Sabrina & Corina: Stories
Trigger warning: This book contains scenes of violence and sexual assault that some readers may find triggering to read.
Home is where Kali Fajardo-Anstine’s debut short story collection Sabrina & Corina takes place. Home is Denver, Colorado, home is familial, generational relationships between women, but home is also being ripped apart by a cycle of violence and gentrification. This gorgeous book follows different Latinas of indigenous ancestry in the American West, a rapidly changing place with a deep heritage and history that isn’t always recognized. The characters in this book are complex, varied, but share a resilience, cultural experience, and working-class backgrounds. Fajardo-Anstine blends familiar and localized pieces of Denver and Colorado history with enduring struggles such as displacement, addiction, poverty, and domestic violence.
Each story stuns with a deeply resonant emotional sensibility, the characters experience life at different angles and ages that seem loosely thematic and connected, but also all their own. The title story captures neatly the role of generational trauma in the lives of women, the narrator relaying these patterns, but also challenging what can seemingly be seen as fated: “I thought of all the women my family had lost, the horrible things they’d witnessed, the acts they simply endured. Sabrina had become another face in a line of tragedies that stretched back generations. And soon, when the mood hit my grandmother just right, she’d sit at her kitchen table, a Styrofoam cup of lemonade in her warped hand, and she’d tell the story of Sabrina Cordova—how men loved her too much, how little she loved herself, how in the end it killed her.” Then as if using the other stories in the book as proof, follows with a hopeful sentiment, that despite the importance of histories and heritage, there are new stories to be made: “The stories always ended the same, only different girls died, and I didn’t want to hear them anymore.” In the story “Cheeseman Park” women experience much tragedy at the hands of men in their life who they are bound to for economic security. Again, the salve to these wounds is other women and generations of women who have survived, endured, and live to tell the tale. A powerful quote from this story sums up the female friendship and powerful bonds that reoccur in the book being: “Time didn’t feel as long or as wasteful in the company of another woman.”
Denverites can appreciate and be proud of this book, as they will recognize familiar locations as well as the story of the city. There’s Cheeseman Park, Colfax, the Northside, but the stories in Sabrina & Corina present an increasingly prevalent and more generalized portrayal of change and gentrification that cities everywhere are experiencing. The book is looking at the connections between ancestry and place even in the midst of rapid change. “Any Further West” features a sex worker and her daughter moving to California from Southern Colorado, demonstrating how hopefulness and new prospects can be equally hostile. Danger arises when they leave their ancestral home, similarly in “Tomi” a formerly incarcerated woman leaves prison only to find a completely transformed city from what she knew and grew up in.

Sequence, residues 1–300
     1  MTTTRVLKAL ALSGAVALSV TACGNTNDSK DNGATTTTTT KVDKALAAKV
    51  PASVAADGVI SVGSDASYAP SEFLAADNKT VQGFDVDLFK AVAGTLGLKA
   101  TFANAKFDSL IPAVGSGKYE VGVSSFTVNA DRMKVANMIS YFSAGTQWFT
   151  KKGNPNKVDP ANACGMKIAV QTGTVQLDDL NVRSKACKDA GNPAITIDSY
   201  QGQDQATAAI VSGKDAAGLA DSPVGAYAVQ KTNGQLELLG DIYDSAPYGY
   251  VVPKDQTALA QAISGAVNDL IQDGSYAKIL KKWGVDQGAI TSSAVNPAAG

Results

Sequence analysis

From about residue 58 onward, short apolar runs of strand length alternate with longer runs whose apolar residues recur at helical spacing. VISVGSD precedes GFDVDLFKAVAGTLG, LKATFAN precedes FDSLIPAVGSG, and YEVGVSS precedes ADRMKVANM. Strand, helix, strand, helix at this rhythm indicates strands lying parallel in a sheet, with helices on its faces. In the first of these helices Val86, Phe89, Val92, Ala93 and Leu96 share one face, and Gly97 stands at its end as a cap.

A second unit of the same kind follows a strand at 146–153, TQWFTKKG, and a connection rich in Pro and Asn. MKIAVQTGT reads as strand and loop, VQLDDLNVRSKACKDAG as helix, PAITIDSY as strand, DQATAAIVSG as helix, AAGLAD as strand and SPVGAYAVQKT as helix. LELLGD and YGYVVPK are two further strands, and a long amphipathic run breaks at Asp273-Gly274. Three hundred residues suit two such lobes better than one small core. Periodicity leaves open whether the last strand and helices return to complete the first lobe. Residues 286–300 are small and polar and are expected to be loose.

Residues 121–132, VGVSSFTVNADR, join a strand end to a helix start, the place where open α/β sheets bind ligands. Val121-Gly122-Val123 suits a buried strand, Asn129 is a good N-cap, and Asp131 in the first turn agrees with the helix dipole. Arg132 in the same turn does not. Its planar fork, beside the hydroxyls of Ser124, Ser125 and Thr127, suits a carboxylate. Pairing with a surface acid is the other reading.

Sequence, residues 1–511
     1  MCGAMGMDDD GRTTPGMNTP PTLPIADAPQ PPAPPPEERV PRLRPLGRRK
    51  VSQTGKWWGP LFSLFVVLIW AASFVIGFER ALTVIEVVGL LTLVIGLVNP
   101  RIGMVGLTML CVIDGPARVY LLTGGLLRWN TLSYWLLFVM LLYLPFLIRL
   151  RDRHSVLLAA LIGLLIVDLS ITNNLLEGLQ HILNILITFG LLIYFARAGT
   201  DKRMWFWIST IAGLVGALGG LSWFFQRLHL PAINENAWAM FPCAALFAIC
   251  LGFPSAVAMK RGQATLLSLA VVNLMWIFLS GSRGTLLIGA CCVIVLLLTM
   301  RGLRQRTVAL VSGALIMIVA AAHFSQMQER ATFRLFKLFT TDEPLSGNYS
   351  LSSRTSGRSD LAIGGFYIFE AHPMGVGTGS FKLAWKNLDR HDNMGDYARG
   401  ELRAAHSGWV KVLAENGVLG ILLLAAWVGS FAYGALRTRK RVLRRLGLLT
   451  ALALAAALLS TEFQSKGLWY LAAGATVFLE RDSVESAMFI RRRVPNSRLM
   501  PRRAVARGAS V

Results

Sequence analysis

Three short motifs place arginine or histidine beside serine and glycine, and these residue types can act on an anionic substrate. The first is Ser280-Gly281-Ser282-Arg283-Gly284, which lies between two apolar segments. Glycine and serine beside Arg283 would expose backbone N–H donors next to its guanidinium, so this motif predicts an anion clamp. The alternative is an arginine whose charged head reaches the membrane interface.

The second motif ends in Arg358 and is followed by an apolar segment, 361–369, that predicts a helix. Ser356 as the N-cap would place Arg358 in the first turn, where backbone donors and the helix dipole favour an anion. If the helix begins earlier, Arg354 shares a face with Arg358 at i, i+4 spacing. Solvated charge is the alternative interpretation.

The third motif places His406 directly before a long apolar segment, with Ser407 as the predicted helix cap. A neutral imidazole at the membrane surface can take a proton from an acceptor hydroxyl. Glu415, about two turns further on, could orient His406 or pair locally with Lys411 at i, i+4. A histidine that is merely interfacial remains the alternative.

Grandmothers, sisters, mothers, daughters, and friends all navigate the cruelties of life in descriptive and honorific prose. These stories are hard, but with that hardness comes experience, remedy, ritual, and powerful bonds.
Book Reference: Sabrina & Corina
Author: Kali Fajardo-Anstine
Publisher: Penguin Random House, April 7, 2020
National Book Award Finalist
Winner of the American Book Award
Finalist for The Story Prize
Finalist for the PEN/Robert W. Bingham Prize for Debut Short Story Collection
NAMED ONE OF THE BEST BOOKS OF THE YEAR BY The New York Public Library
ALA Notable Books – Fiction: 2020
Lily Kosmicki is a librarian, poet, and beekeeper. She has worked at Denver Public Library for 11 years and is a proud member of Denver Public Library Workers United.
JULIA E. TORRES is a nationally recognized veteran language arts teacher, librarian, and teen programs administrator in Denver, Colorado. Julia facilitates teacher development workshops rooted in the areas of anti-racist education, equity and access in literacy and librarianship, and education as a practice of liberation. Julia’s work has been featured on NPR, AlJazeera’s The Stream, PBS Education, KQED’s MindShift, Rethinking Schools, Learning for Justice Magazine, School Library Journal, American Libraries Magazine, and many more. She is a Book Love Foundation board member, Educolor Working Group member, a Book Ambassador for The Educator Collaborative, and a co-founder of #DisruptTexts. Her co-authored title Liven Up Your Library: Design Engaging and Inclusive Programs for Teens and Tweens is just the first of many forthcoming publications for librarians and educators. Learn more about Julia on her website juliaetorres.com or on social media @juliaerin80